- Leverage Social Networks – I don’t think there is any magic in social networks and social sites, but I do think they’re a good place to chat and distribute stuff, as long as you’re not pimping yourself at every chance you get. I like hearing what other people are doing, both professionally and personally: it helps me to feel like I know them. For instance, I know that the director of one of the local technology councils went to Kentucky to look at a car a couple of weeks ago. I know that one of my C-level friends is over in Europe in Amsterdam tasting cheeses and beers. which is kind of annoying since I love both good cheeses and beer, and I would have been glad to help carry her luggage for her! (Grin).
It doesn’t work so well if you haven’t met the person or anything, at least to me, but social networks can give you a feeling of being connected even when you are not. As a caution, don’t fall into the FaceBook trap: these things can be addictive. Since LinkedIn is my business-card system, I’m going to spruce up my LinkedIn profile with recommendations and biographical information. I also plan on using Twitter. I tried Twitter as an experiment, but it’s turning out to be more valuable than I had anticipated
- Create some overview/whitepapers – I have a two-day class I teach in user stories called “Advanced User Stories” — it’s the stuff most folks don’t learn or mess up when moving to Scrum/Agile. While it’s a great class, I don’t have anything that describes it! So I need to create a 2/3-page PDF ASAP on this. I can tell people about it, but it’s much easier and convenient for them to just read an overview. Same goes for my training on “The Agile DBA”, “Agile Overview” and “Scrum: the stuff not in the manual” It’s great to have things that people would love to use, but unless you have a way of telling them about it, it really doesn’t amount to much
- Add a resume/bio to my biz site – Almost all sites have a “about us” page, and my site should too. This is a good spot to find some friends and all have them put their bios on there as well. Since I know these guys and like their work, and since they are willing to come over if something shows up, I’m really a larger firm than just a mom-and-pop shop. Pack up into teams to increase ability to help folks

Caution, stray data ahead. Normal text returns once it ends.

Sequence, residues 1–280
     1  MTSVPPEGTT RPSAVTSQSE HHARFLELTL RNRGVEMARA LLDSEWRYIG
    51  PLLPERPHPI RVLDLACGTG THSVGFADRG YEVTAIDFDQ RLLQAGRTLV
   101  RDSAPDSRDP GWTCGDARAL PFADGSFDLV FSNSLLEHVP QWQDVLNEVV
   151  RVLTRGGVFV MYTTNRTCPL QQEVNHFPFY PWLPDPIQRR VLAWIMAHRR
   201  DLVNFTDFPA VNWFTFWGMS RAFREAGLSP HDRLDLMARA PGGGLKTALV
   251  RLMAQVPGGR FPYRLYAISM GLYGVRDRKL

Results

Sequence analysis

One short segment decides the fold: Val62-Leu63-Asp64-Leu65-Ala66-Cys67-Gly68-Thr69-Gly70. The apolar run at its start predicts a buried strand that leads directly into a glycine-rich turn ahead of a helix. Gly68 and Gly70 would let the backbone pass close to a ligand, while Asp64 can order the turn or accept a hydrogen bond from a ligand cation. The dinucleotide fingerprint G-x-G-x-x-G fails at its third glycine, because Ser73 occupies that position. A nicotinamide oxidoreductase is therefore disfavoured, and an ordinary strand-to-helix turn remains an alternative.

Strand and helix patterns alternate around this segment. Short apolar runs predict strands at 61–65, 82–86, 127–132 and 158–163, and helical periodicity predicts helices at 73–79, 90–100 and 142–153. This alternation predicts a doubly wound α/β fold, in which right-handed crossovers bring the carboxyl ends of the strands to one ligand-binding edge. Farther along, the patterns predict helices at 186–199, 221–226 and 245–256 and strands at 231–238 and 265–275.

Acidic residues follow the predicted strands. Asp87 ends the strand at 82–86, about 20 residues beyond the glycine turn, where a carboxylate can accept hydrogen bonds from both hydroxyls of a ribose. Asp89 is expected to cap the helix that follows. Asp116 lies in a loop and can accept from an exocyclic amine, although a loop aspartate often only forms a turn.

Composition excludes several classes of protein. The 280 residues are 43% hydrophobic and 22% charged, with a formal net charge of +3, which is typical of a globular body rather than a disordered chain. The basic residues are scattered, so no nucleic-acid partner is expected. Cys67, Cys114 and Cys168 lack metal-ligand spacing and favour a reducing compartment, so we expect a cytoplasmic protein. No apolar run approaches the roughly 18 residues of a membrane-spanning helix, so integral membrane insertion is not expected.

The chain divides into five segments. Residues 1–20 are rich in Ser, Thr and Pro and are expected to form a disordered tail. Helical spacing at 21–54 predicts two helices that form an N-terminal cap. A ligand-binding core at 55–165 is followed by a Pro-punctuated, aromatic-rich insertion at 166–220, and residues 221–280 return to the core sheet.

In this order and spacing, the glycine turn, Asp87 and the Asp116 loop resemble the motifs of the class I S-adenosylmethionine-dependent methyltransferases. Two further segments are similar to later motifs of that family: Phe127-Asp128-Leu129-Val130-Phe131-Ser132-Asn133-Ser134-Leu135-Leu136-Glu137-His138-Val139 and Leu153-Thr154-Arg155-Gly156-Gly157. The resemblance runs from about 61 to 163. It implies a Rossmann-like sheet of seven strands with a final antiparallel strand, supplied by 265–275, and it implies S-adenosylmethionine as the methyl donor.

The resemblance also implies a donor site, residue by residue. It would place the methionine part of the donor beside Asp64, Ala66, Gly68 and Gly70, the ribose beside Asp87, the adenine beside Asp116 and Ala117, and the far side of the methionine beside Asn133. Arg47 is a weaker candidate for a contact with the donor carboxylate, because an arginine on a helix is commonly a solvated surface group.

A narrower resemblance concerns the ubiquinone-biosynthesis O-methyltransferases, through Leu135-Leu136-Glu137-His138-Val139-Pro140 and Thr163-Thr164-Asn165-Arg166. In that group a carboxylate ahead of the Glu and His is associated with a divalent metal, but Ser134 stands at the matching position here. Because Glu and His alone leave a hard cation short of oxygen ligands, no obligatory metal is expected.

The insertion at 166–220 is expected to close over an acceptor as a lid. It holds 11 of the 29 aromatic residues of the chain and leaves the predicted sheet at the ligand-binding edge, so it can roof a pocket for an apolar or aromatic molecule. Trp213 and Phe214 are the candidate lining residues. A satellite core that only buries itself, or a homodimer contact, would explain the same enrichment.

- It’s farming, not sales – Lesson I learned a long time ago: when you’re looking for work it’s the worst time to meet folks. No matter how you do it you sound like you’re desperate. The time to meet folks is when you’re not looking for anything. I’ve been going through my contact list this week and my strategy is simply to be honest: “I’m starting back into the marketing-myself business again, so I thought I would go down my contact list and see who’s doing what. So what are you up to nowadays, anyway?” Best to just let it all hang out there.
Having said that, I wouldn’t dwell on the business/market side of things with folks. The reason I have these people on my contact list is, well, because I like them. And they like me. I’m the idiot for not keeping up better. So being in the market is just nature’s way of kicking me in the butt to remember to involve myself more in people’s lives I care about. It’s not an instant-gratification thing. It’s much more like farming.
- Explore “pivot points” – Being on sabbatical is a cool thing: it lets you think through what you’re doing and why. It’s also a good time to explore pivoting your business strategy and trying new things. This is what all successful startup teams do, and being able to pivot effectively is the difference between growth and stagnation. Do I want to go more into training? Create a product to sell? How about finding small team jobs and managing them? All of these are good ideas. And this is a good time to think about them.
IT is one of the few businesses where you can create your own reality and live inside of it. Most folks never take much time to think about what they’d like their reality to be like, so they end up with whatever other people give them. Very sad.
Now I just need to put all of this on post-its and adorn my monitor. What can I say? I use the post-it system of task-tracking and am very happy with it. I find that if I’m stuck looking at it every time I check I email or visit my favorite sites, I have a tendency to want to make it go away.If you've read this far and you're interested in Agile, you should take my No-frills Agile Tune-up Email Course, and follow me on Twitter.